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Mark Berry [UK]
"Fostering and Developing Entrepreneurs in Mission"

[07.07]

There is currently a many voiced call to release the entrepreneurs in our culture… in the worlds of business and culture and, in some ways surprisingly there are voices in the Christian world too calling for innovation and innovators. Perhaps this is to do with the changing paradigm in which we live and breathe, perhaps it is the beginnings of not only a response to its challenges but a reflection of it’s natures. For many people and many years culture has been perceived as the bedrock on which we build, the things which sustain the status quo, the things which make us identifiable as British, Christian, European, etc. etc. In the Church Mission has been tacitly a tool of maintenance, a means to preserve the way we are or at least the way we perceive we are. Perhaps change is afoot? Mission not as a way of bracing the Church as it is, rather as engaging with the culture, seeing people not as products or numbers but as individual seedlings growing from the soil of their own history and context. Not a Church seeking to be relevant, but to be resonant. More and more voices are crying that instead of attractors we need innovators, instead of church planters we need entrepreneurs.

Entrepreneurs are simply those who understand that there is little difference between obstacle and opportunity and are able to turn both to their advantage. - Niccolo Machiavelli

People who imagine the future, who look for possibilities not programmes.

Christendom is dying but a new and dynamic Christianity could arise from its ashes. - Stuart Murray

Inspired by Jonas Ridderstrale and Kjell Nordstrom, particularly their book Funky Business (2001) along with other writers such as Tom Peters and Bill Bolton, I have begun to explore some principles for encouraging entrepreneurs.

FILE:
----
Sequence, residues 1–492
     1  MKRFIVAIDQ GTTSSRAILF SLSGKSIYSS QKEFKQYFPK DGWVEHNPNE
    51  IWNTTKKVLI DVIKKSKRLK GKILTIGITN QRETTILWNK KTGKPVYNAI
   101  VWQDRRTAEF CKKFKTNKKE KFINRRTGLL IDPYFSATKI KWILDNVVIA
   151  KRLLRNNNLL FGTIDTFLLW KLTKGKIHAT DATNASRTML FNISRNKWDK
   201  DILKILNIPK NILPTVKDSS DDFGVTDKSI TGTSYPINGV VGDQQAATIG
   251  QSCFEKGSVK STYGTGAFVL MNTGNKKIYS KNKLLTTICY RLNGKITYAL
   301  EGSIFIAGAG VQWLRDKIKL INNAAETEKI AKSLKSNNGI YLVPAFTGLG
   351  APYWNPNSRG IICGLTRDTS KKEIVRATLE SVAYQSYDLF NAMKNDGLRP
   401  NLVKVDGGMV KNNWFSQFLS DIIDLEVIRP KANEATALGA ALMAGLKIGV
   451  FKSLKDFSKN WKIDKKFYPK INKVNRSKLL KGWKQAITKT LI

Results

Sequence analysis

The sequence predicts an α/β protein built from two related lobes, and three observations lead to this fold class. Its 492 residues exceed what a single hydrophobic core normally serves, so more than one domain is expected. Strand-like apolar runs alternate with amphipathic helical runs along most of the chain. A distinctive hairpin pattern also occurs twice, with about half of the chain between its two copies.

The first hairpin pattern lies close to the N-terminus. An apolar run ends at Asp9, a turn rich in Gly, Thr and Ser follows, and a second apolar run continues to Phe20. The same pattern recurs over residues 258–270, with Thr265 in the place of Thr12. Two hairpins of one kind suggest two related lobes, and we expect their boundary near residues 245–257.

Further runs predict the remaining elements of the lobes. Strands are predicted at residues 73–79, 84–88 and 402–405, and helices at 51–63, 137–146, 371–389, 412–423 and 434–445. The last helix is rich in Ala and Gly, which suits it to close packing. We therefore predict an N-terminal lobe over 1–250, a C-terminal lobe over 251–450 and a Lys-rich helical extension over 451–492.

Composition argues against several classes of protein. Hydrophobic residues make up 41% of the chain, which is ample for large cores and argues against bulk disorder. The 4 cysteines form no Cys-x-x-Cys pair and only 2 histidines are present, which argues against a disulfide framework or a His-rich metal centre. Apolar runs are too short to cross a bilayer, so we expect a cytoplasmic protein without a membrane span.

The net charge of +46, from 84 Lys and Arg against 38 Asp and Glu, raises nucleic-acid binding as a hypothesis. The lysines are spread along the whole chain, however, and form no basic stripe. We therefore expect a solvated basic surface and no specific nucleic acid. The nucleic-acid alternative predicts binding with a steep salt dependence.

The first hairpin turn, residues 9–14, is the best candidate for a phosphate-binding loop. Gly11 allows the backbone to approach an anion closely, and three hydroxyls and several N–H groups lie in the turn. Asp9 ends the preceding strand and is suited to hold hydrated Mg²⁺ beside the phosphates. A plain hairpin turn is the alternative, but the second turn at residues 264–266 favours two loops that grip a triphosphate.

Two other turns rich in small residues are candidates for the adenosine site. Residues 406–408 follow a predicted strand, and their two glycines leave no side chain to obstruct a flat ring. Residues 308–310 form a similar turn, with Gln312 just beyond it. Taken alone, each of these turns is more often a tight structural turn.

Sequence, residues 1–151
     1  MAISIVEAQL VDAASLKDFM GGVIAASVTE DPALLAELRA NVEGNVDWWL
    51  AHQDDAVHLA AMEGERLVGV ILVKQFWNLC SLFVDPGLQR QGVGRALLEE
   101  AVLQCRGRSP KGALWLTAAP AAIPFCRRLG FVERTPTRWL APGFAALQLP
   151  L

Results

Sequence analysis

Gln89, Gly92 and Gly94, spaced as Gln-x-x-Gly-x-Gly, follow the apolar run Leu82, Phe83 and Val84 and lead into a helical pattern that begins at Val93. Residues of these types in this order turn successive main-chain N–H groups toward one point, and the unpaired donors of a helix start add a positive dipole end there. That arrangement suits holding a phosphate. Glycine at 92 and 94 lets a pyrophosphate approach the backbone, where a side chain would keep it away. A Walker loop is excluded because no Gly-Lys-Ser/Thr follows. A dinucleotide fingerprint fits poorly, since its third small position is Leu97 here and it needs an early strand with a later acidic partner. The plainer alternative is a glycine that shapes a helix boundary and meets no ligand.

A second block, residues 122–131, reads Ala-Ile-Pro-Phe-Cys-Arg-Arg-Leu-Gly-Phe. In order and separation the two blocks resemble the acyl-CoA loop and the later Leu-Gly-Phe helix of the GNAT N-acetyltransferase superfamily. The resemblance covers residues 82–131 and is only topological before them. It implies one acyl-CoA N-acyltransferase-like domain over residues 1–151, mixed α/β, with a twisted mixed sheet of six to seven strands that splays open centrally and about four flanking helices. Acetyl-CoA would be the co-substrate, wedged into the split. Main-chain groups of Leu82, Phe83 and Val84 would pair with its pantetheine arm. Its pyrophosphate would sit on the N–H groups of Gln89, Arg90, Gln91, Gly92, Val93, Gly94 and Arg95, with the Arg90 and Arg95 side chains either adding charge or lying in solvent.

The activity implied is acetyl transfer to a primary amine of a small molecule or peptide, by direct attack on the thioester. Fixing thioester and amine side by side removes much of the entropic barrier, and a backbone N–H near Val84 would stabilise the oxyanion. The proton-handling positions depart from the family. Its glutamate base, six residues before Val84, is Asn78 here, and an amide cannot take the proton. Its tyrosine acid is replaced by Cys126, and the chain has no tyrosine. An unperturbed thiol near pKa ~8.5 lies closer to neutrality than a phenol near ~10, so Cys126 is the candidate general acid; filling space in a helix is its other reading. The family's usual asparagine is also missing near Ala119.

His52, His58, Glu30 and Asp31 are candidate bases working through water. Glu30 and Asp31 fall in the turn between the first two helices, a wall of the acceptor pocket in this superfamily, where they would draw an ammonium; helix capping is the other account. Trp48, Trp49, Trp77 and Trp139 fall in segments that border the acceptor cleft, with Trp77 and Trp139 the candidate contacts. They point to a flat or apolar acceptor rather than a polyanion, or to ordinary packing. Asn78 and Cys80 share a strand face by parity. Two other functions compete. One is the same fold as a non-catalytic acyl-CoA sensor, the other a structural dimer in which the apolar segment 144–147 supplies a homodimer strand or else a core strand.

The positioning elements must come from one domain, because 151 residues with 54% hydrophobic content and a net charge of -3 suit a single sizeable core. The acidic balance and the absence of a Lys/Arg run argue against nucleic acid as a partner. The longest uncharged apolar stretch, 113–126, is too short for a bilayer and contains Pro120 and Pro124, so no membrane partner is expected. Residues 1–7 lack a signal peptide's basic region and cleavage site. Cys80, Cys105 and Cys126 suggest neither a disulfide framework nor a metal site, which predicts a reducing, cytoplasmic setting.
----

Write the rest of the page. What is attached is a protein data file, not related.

1. Recognition
Bill Bolton has written extensively on how to identify the entrepreneur. In his Grove Booklet The Entrepreneur and The Church (2006) he creates the acronym FACETS;

Focus – delivery
Advantage – selection of opportunity
Creativity – seeing many opportunities
Ego - motivation and courage
Team
– multiplying effectiveness
Social
– finding a cause.

Bolton with Professor John Thompson developed this tool to help begin to identify and understand the entrepreneurs within a business/academic environment but has since begun to use it in a Church/Mission setting.

This is incredibly useful but I also think that most of us can spot an entrepreneur instinctively, the question then becomes how are they recognised and released? I am also sure that most of us can remember a situation or an incident where an entrepreneur has been dismissed as just “rocking the boat” or “being awkward”. One of the great challenges we have is are we really able to join Sir Francis Drake when he prayed;

Disturb us, Lord, when
We are too well pleased with ourselves,